Skin succeeds where diplomacy has failed

Can porn succeed where politics has failed?

An Israeli porn site is proving surprisingly popular with Web surfers in a number of Arab countries, some of which don’t have diplomatic relations with Israel.

Ratuv, Hebrew for “wet,” specializes in producing skinflicks with topical political themes, typically featuring scenes involving female soldiers, Mossad agents and members of the military.

After installing software that could detect where users are logging on, managers of the site found they were receiving thousands of hits a week from folks in Syria, Saudi Arabia, Iran and Iraq, even though the Israeli net domain .il is blocked from some of these countries.

“We were amazed to find a huge amount of our users from these countries,” says Nir Shahar, who manages the site. “We cannot accept money from many of these countries, so they can’t download the films. They can only look at the pictures.”

To make up for the lack of local download access in those countries, Shahar decided to translate the entire site into Arabic, with detailed descriptions of each scene and plenty more pics. Traffic went up tenfold, with the site receiving up to 100,000 hits a week from Arab auds.

The most popular movie on the site is “Code Name: Deep Investigation,” an X-rated parody of the arrest of dissident Israeli nuclear scientist Mordechai Vanunu, who spilled the beans on Israel’s secret nuclear weapons program in the 1980s. He was eventually caught by Mossad agents, who sent a beautiful female agent to trap him.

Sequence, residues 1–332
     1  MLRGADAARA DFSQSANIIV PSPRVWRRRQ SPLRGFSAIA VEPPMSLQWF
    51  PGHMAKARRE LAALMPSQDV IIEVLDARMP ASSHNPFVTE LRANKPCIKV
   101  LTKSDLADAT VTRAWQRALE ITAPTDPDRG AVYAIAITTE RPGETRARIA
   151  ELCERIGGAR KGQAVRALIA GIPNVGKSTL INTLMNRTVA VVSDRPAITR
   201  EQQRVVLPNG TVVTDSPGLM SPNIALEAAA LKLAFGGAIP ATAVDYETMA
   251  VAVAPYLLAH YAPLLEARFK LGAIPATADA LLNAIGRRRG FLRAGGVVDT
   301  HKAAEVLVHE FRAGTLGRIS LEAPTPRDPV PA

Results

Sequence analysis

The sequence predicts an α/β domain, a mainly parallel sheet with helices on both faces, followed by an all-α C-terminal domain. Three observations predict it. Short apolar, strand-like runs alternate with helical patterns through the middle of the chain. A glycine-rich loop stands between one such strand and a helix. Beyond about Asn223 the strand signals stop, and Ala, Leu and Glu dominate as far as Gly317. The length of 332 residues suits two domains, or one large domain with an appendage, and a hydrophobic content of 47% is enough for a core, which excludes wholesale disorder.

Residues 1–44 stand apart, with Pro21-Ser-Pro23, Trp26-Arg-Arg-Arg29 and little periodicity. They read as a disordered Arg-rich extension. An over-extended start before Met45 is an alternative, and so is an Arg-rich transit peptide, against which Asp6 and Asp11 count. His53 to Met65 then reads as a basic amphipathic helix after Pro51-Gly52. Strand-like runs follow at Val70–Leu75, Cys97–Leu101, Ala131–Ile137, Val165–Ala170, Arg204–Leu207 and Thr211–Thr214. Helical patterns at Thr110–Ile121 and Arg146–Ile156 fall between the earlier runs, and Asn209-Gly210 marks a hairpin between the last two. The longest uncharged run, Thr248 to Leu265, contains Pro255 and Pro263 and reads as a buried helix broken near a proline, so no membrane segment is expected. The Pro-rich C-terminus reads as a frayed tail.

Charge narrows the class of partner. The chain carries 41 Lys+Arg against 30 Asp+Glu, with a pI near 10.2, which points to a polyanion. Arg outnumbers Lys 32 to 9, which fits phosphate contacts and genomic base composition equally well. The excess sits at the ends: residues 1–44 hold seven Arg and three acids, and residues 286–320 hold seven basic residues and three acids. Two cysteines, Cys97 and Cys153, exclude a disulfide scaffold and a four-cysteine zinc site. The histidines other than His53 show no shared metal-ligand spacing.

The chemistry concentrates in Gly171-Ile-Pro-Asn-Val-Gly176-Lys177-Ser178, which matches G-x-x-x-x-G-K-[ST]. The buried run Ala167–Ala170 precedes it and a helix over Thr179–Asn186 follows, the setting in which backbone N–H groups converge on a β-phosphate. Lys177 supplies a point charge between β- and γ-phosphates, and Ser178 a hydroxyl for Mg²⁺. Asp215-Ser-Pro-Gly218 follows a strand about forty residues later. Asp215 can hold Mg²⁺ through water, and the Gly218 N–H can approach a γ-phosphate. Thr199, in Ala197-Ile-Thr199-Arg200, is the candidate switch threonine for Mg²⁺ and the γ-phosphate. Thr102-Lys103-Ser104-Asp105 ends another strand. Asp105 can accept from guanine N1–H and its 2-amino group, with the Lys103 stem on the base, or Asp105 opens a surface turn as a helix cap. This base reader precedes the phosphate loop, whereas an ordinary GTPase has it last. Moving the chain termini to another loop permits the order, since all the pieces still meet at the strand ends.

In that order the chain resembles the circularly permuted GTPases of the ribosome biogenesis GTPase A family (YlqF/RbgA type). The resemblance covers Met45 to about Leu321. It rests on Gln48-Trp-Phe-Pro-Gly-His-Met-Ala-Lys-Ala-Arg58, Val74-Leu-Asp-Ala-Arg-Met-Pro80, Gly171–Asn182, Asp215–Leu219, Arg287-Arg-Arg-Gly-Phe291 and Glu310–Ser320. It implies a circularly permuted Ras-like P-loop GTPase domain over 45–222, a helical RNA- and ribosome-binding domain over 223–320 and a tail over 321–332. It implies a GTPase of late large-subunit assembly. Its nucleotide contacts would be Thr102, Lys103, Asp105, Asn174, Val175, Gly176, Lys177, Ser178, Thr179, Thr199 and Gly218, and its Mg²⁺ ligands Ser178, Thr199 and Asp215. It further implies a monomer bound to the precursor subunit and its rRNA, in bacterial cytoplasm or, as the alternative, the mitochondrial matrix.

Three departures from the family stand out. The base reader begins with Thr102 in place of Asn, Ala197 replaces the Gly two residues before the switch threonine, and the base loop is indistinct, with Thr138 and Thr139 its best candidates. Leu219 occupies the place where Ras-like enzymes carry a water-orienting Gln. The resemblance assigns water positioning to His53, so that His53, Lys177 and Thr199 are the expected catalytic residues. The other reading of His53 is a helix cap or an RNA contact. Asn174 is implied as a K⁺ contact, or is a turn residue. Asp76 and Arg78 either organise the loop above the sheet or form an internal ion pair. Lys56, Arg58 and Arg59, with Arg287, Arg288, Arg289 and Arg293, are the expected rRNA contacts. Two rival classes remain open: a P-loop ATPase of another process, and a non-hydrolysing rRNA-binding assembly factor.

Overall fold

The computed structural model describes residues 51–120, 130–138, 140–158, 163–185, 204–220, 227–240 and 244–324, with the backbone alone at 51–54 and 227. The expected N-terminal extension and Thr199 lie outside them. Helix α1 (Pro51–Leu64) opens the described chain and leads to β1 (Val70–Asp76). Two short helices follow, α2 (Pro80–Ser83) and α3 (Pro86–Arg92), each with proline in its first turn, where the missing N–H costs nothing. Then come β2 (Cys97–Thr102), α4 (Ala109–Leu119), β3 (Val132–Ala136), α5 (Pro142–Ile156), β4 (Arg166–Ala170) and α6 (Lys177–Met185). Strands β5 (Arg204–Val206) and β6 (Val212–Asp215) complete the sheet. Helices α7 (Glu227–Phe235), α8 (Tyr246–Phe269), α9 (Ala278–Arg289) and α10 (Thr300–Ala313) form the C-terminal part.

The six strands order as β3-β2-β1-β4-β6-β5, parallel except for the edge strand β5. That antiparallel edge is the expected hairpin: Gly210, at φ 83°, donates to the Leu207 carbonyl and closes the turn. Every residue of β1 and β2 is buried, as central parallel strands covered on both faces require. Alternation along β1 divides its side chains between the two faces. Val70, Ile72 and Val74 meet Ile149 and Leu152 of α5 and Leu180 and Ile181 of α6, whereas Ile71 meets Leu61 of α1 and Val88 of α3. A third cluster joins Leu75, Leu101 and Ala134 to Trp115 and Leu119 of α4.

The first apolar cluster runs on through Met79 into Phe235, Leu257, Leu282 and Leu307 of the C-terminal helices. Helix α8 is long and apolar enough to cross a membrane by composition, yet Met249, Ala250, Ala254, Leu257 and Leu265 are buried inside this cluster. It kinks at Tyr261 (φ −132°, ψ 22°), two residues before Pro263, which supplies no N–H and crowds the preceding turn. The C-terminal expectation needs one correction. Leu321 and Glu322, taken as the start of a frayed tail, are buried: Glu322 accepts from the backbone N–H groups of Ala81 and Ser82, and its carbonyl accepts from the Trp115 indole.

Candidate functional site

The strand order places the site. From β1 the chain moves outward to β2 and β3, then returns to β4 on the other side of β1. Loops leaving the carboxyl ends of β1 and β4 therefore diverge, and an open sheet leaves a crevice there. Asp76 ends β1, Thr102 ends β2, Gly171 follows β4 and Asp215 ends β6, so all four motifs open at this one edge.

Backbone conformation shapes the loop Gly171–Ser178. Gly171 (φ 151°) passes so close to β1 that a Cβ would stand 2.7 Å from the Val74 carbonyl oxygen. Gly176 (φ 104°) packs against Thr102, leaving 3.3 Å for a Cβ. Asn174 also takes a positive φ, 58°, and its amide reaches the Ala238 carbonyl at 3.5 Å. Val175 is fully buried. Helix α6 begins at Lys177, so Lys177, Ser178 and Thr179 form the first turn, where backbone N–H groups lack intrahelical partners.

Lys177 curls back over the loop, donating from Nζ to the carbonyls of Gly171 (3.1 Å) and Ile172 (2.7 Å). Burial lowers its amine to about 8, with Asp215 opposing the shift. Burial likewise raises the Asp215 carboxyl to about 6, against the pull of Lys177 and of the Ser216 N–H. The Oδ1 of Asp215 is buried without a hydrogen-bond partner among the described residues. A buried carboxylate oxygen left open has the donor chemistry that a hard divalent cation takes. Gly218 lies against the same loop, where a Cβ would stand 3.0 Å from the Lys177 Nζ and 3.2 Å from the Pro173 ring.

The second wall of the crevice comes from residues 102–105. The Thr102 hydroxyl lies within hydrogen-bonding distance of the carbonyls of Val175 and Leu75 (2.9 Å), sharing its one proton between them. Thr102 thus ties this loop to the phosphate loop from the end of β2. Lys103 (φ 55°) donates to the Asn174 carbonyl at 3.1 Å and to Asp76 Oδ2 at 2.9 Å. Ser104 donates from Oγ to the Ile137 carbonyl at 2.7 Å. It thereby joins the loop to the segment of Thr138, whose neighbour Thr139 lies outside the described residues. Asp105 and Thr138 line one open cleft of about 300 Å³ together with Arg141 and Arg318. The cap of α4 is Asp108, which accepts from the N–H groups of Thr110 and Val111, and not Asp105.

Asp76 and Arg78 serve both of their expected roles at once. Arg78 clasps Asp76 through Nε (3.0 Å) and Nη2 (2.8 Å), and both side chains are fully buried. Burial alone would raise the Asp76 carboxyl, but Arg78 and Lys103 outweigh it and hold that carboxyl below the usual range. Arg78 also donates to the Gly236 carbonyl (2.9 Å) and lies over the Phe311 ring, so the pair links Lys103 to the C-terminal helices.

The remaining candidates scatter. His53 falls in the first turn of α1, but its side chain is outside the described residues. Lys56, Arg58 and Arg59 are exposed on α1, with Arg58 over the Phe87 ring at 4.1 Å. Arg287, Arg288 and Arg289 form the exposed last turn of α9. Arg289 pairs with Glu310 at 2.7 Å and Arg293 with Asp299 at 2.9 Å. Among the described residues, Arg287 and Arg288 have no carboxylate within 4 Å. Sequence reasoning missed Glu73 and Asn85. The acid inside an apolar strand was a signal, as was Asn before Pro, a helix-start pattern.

“Arab people usually see female Israeli soldiers in a bad situation, so there’s a lot of curiosity to see what Israeli girls look like without any uniforms,” says Shahar. “We don’t make regular porn films. Our films parody the situation in Israel, so we look at issues like the elections here and Mossad. There is a lot of relevance to the Arab-Israeli situation.”

Given that Israeli law precludes Shahar from accepting credit card payment from some Arab countries, he plans to set up a site registered in either Europe or the U.S.

“We are also interested in making films with Arabs and Israelis in them,” Shahar says. “It’s something we can do to speak about the connection between the two people, but its not going to be easy.”

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